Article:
The Longest Day

By Aoifinn Devitt, CFP® – Chief Investment Officer

On this day, June 21st, the longest day of the year in the Northern hemisphere, it is normal to think about cycles. The cycle from light into dark, the pull of the seasons and the passing of time. This summer solstice it might seem appropriate to reflect on a recession that has so far barked but not bitten, on the regional banking brands that won’t see the year out and on what our lives looked like when we weren’t obsessed with natural language processing. It was not so long ago!

As the Fed takes an early summer breather, equities are remaining subdued in terms of volatility.

The chart below shows the volatility in equity markets, which remains low relative to its five year trend:

Performance has remained strong, with the US stock markets pushing past 14 month highs and there is renewed evidence that the rally is broadening beyond a handful of tech names. This was substantiated by evidence although that the Russell 2000 smaller companies index and equal weighted S&P had outpaced the mainstream index month to date.  There are suggestions that with market strength as it is (up 20% from October lows) and a Fed pause, consumer sentiment is finally starting to believe the hype and turn to positive. We are hearing again of renewed FOMO (Fear of Missing Out) which was the hallmark of the post-COVID bull market in equities; now that it is safe to go back into the water – is it safe to stay out of it?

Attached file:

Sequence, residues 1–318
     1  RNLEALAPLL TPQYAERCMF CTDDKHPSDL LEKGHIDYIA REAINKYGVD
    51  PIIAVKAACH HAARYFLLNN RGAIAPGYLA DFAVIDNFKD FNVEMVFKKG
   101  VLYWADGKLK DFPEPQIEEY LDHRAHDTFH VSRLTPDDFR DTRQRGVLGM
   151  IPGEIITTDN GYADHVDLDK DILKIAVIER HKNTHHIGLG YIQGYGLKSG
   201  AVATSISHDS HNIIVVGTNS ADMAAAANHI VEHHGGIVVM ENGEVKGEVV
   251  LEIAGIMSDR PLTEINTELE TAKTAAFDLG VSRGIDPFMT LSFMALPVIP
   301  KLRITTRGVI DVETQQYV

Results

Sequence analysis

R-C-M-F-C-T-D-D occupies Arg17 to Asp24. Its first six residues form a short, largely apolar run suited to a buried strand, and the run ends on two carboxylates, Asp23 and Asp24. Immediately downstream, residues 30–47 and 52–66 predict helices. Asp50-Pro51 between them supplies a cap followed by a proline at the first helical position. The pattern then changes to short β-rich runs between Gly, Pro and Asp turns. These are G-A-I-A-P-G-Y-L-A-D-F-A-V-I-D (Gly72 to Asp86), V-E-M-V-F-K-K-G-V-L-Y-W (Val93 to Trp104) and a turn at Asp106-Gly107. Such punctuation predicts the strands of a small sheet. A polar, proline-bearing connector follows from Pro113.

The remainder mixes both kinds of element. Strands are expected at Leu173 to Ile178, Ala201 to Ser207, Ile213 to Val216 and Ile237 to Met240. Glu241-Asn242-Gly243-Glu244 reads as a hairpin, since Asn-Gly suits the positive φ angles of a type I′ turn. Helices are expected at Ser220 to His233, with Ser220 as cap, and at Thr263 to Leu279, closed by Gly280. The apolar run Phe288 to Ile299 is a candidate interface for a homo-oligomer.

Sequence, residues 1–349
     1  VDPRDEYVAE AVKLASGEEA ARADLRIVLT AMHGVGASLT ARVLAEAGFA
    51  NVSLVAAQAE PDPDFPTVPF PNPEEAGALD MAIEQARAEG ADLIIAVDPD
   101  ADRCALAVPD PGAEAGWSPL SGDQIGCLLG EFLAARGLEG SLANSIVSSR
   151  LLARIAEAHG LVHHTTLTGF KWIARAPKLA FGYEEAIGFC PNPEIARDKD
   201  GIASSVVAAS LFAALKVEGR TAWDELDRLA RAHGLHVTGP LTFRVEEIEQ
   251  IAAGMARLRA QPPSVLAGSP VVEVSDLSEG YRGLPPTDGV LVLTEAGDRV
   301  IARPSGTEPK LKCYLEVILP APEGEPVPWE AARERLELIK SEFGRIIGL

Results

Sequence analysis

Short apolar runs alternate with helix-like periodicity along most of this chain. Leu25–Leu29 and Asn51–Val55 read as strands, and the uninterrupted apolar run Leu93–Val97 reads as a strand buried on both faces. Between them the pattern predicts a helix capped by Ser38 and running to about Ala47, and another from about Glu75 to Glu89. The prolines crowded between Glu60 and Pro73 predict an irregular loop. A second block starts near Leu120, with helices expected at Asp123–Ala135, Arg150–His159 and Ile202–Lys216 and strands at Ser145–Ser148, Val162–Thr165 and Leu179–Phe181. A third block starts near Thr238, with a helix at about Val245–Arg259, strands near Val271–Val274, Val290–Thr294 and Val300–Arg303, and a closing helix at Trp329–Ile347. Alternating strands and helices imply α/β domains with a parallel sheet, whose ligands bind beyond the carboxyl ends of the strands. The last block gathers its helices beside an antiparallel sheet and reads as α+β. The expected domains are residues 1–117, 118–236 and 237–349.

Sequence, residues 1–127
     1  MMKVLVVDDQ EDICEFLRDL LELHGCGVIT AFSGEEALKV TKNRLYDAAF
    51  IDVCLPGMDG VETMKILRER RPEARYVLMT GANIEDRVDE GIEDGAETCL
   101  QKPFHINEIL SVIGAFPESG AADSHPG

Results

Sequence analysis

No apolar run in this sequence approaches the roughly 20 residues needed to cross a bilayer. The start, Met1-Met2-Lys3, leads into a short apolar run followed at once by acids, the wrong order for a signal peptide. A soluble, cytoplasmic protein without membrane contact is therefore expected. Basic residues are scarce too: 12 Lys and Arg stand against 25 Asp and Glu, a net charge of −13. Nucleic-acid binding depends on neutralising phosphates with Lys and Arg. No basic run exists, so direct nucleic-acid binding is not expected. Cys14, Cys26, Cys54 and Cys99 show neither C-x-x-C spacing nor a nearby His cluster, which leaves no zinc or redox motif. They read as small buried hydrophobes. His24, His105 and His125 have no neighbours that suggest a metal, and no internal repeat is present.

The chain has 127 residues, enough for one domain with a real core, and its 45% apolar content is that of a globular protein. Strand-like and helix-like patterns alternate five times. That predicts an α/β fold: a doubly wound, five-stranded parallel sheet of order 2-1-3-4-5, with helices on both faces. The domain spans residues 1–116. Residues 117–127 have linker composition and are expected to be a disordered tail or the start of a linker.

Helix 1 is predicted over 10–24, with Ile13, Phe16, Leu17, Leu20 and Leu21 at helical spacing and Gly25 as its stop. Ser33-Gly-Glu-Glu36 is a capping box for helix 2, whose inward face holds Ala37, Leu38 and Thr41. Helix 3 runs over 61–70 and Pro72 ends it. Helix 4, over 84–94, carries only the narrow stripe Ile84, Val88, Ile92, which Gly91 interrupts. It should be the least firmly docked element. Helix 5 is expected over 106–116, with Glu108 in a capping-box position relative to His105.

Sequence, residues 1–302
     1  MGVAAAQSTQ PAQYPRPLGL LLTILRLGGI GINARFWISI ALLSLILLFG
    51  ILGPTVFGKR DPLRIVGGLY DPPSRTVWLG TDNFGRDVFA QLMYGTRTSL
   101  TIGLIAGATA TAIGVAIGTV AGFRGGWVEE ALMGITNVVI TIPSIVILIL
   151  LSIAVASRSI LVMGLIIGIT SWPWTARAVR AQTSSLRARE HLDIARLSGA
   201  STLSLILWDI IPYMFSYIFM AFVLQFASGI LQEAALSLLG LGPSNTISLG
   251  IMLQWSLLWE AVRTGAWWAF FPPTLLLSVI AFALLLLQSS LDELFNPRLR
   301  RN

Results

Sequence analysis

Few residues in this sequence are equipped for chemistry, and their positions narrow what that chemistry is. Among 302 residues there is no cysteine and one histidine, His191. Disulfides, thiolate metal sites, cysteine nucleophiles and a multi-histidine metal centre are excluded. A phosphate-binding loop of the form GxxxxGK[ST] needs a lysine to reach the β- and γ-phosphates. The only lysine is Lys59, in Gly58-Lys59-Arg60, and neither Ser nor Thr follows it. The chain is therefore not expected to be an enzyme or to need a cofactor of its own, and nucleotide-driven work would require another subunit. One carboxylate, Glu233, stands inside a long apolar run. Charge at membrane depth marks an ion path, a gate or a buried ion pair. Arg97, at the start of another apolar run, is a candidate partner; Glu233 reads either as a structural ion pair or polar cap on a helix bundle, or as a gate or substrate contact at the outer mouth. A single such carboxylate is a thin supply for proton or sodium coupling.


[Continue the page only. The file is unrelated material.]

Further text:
Again, there is an unusual amount of focus on a Fed Chairman’s press conference on Wednesday in order to assess the direction of travel from here. Other worries are around China’s post-COVID recovery which is singularly lackluster – in stark contrast to Japan which is fulfilling its promise of the land of the rising sun – or at least rising stock markets – with its shares at a 33 year high and up over 28% for the year. I asked some Japanese experts about what it was that had caused Japanese shares to finally – after decades of wishful thinking – fulfill their promise.  Interestingly, there was no single thing to point to – maybe the fact that the economy had persistently low inflation – for years a problem and now, maybe, a relative advantage, or the fact that corporate governance initiatives and the principal of putting shareholders first was finally at the forefront of discussion. Or it could be that markets are more “zero sum” than we like to think and that China’s loss is Japan’s gain for investors suffering from non-US market FOMO.

The charts below show the equity market’s recent performance.  As we turn next week to the end of the first half of the year, we will be back with our first half round up.

Source: Morningstar as of 6/20/23



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